Sudan’s Bashir leaves S’Africa despite court order
SUDAN’S information minister has said that Sudanese President Omar al-Bashir has flown out of South Africa, defying a high court order which banned him from leaving the country until an application calling for his arrest had been heard.
“Yes, he has left,” Information Minister Ahmed Bilal Osman confirmed to Al Jazeera, saying that South Africa had always agreed not to arrest the president while he was in the country for the African Union summit.
Osman said President Bashir’s plane was due to land back in Khartoum at about 6:30pm local time (15:30 GMT). The South African state broadcaster, SABC, first reported at about 10:15 GMT yesterday that the plane had flown out of the Waterkloof air force base, on the outskirts of Pretoria.
The lawyer appearing on behalf of the South African government, however, told the high court in Pretoria that President Bashir was not on the list of passengers in the Sudanese plane that left Waterkloof base.
Earlier, Sudanese Information Minister Osman told Al Jazeera the president would return to Sudan yesterday. “He is coming back to our country in one or two hours,” Osman said, adding that it did not matter if the court ordered Bashir’s arrest, as it had no ability to enforce such an order.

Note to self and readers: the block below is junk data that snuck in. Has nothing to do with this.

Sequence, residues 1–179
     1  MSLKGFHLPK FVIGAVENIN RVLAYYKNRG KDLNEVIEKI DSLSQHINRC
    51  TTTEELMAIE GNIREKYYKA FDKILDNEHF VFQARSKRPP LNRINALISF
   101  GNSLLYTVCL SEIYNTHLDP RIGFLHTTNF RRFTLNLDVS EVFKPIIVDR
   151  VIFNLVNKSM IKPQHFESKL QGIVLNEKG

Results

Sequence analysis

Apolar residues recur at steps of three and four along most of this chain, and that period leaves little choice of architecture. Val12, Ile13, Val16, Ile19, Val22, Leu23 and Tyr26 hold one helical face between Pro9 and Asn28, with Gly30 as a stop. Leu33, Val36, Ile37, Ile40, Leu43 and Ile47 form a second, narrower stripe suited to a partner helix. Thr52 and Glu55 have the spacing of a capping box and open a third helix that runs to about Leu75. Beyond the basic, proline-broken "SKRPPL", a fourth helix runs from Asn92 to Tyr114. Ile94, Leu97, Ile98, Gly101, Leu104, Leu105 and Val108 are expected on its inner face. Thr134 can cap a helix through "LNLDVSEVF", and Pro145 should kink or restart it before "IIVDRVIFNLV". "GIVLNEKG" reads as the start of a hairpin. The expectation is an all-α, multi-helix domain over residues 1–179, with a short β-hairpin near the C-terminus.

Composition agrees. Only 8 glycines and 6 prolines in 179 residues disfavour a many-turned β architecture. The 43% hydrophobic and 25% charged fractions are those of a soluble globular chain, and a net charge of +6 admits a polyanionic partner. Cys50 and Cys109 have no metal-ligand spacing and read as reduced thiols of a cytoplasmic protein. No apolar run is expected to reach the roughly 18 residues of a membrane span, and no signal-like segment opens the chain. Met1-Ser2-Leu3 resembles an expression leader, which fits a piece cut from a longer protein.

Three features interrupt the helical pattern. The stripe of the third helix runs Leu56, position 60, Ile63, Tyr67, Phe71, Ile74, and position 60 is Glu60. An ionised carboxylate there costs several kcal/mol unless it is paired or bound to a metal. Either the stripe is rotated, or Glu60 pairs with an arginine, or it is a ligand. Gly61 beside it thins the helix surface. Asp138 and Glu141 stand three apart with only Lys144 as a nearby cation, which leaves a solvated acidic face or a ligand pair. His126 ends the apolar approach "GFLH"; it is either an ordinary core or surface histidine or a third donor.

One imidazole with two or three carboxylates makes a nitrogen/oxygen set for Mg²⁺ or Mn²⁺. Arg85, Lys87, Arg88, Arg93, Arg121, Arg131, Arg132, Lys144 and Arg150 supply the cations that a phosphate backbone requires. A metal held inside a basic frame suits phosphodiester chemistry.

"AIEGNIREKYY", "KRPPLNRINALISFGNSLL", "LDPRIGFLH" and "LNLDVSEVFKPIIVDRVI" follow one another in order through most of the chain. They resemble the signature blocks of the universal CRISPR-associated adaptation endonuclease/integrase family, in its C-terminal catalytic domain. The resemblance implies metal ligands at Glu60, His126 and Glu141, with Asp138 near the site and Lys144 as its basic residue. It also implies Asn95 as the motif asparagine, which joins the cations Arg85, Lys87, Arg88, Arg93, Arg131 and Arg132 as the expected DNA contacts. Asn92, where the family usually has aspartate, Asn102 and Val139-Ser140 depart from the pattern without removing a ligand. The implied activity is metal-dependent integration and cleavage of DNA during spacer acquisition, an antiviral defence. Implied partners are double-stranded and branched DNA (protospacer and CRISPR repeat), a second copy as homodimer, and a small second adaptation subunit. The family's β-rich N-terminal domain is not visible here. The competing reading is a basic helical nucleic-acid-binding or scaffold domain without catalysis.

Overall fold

“The judiciary…does not have policemen. The president is there [in South Africa] and no one is going to arrest him.” An interim order was made by the high court in Pretoria on Sunday, barring President Bashir from leaving the country pending an application from civil society organisations, calling for his arrest.
The high court in Pretoria was to decide whether to send Bashir to the International Criminal Court. Al Jazeera’s Fahmida Miller, reporting from Johannesburg, said that the Sudanese president’s plane had been moved to a South African military base late on Sunday night.
She said that the defence force was not a party to the court case, meaning President Bashir would be able to fly from the base unobstructed. If the plane has left as reported, the home affairs department could be held in contempt of court for failing to implement the conditions of the order, our correspondent reported.
Bashir, who is accused of war crimes in repressing an armed uprising in the Sudanese region of Darfur, was appeared in Johannesburg on Sunday for the AU summit.
The Hague-based ICC issued an arrest warrant in 2009, but Bashir denies the charges. UN Secretary-General Ban Ki-moon told reporters in Geneva on Monday that the authority of the ICC must be respected and its decision implemented. Before Sunday’s court ruling was announced , the judge said the court would decide whether a South African government cabinet decision to host Bashir would trump the ICC arrest warrant.